The Beginning: 1904 - 1929

At the 1904 annual meeting of the then-six-year-old American Society for Testing and Materials, a motion was adopted for the formation of a committee on specifications for the grading of structural timber.

Committee Q

In the spring of 1905, a group of 12 men met to organize ASTM Committee Q on Standard Specifications for the Grading of Structural Lumber, the seventh technical committee to be formed. A report on the activities of Committee Q was presented by Herman von Schrenk at the eighth annual ASTM meeting. The report read in part:

  • It is believed that the time has come for a comprehensive study and analysis of the grading of structural timbers, so as to arrive at a general understanding of the qualities of the various woods used for structural purposes, in order to standardize as far as possible, for the use of lumber manufacturers on the one hand, and architects and engineers on the other hand, the various grades and qualities of wood.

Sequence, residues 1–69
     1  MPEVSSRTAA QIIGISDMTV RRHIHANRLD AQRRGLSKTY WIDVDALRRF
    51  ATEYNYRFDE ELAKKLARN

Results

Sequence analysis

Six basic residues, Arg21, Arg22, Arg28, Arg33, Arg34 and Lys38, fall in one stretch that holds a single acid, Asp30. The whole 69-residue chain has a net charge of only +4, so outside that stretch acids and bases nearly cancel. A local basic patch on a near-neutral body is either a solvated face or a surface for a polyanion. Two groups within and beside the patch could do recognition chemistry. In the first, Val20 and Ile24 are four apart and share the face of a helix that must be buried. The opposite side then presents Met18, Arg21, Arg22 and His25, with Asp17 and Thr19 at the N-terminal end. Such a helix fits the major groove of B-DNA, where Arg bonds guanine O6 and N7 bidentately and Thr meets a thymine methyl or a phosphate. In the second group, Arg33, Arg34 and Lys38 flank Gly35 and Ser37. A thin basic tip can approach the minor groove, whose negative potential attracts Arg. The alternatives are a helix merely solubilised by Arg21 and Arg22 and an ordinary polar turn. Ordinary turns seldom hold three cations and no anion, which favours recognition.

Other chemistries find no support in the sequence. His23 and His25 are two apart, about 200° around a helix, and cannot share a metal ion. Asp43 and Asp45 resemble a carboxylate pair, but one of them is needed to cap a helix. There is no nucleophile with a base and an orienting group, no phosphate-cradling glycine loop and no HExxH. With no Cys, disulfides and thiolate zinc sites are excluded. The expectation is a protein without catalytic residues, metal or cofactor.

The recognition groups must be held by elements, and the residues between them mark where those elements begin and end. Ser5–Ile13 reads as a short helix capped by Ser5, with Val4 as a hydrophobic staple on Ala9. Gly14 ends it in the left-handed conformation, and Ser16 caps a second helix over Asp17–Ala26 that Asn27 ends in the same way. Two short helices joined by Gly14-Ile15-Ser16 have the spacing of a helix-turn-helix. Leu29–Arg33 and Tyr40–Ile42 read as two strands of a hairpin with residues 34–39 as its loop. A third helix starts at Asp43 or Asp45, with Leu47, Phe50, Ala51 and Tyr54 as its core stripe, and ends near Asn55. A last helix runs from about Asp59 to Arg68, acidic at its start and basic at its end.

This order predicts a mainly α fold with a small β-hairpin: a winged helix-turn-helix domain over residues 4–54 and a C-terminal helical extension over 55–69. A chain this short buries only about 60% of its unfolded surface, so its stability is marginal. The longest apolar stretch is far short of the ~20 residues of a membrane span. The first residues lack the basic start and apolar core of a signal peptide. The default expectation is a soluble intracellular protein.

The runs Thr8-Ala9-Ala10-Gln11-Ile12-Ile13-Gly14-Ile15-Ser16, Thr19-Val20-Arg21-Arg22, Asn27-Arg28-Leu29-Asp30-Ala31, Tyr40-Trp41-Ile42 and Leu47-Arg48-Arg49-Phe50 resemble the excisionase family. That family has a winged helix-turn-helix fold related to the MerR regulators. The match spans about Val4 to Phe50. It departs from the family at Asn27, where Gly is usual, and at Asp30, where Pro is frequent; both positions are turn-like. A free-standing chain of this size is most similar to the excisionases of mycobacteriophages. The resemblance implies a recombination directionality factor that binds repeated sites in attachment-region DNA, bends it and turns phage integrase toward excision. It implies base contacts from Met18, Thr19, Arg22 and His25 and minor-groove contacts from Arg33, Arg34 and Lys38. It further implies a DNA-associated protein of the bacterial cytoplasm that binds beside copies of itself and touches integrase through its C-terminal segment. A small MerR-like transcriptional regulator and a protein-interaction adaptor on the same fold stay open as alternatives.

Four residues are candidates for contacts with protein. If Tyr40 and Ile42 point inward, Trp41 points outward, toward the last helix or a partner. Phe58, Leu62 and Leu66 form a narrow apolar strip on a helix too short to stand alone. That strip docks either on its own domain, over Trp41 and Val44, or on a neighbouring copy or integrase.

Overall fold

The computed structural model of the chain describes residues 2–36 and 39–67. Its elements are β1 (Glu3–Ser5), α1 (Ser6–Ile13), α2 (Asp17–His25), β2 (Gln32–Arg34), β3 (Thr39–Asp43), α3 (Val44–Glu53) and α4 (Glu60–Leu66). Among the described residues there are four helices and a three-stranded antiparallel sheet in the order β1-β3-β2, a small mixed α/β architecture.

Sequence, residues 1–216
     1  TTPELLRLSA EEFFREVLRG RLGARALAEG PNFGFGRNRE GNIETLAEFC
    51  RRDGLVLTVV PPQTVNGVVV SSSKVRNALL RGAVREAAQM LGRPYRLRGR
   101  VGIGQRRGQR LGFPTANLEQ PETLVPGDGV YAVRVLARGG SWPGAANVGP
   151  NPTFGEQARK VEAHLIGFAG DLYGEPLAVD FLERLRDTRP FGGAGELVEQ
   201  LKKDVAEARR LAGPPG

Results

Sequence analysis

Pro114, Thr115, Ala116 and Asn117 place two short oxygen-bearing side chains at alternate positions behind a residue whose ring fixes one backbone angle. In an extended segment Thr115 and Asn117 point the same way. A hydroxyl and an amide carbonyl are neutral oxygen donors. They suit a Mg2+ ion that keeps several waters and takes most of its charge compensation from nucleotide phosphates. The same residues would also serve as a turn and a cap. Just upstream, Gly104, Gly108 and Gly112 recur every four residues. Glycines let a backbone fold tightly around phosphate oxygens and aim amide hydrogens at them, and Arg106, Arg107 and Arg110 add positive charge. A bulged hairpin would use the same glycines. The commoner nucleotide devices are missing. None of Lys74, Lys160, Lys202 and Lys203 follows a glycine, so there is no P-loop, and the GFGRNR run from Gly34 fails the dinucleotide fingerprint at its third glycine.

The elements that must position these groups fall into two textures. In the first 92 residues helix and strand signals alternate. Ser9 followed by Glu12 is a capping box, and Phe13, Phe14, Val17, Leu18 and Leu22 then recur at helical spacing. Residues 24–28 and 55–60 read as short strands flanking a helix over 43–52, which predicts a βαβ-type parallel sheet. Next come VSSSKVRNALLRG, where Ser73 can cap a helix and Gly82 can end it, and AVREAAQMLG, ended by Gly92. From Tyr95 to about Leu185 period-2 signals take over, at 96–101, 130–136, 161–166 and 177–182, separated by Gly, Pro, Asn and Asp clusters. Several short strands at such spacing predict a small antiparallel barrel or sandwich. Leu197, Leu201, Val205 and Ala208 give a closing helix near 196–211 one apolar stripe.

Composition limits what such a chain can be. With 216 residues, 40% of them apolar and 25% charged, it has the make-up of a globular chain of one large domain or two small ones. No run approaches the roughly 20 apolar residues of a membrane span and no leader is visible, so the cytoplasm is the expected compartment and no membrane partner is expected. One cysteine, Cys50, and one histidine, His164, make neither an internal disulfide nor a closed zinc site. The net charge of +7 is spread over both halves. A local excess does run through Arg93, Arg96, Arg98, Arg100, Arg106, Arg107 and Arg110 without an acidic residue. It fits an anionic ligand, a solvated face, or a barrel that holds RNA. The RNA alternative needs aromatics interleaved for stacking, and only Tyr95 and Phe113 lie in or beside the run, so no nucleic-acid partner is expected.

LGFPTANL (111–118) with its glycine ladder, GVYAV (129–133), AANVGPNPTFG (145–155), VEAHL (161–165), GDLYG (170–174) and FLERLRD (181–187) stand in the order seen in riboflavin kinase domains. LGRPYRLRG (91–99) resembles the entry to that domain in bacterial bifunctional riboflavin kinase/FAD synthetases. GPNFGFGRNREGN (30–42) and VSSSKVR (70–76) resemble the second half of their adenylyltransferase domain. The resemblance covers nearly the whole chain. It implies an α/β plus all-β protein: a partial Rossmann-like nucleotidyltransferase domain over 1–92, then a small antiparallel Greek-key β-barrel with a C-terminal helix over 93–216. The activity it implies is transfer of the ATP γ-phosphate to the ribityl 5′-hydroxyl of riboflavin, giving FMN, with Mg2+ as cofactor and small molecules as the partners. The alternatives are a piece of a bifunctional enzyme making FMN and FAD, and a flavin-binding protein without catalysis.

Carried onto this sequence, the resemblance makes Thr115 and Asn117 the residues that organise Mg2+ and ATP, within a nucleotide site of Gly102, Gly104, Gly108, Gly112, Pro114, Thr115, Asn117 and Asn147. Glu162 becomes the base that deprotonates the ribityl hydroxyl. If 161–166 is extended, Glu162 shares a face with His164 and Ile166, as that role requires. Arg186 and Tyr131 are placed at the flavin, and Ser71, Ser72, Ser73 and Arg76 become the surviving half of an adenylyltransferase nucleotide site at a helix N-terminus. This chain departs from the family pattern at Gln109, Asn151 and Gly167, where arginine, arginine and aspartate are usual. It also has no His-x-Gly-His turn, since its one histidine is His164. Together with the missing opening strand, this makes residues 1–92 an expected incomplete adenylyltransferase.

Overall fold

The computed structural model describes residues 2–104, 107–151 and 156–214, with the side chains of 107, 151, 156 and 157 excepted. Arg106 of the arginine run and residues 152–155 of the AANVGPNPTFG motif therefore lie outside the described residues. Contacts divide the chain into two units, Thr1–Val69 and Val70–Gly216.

In September of 1907 the first standard developed by Committee Q, D 9, Specification for Structural Timbers, was approved by Society ballot. The standard contained a definition of structural timber, definitions of standard defects, a list of standard names for structural timbers, and specifications for bridge and trestle timbers.

Committee D07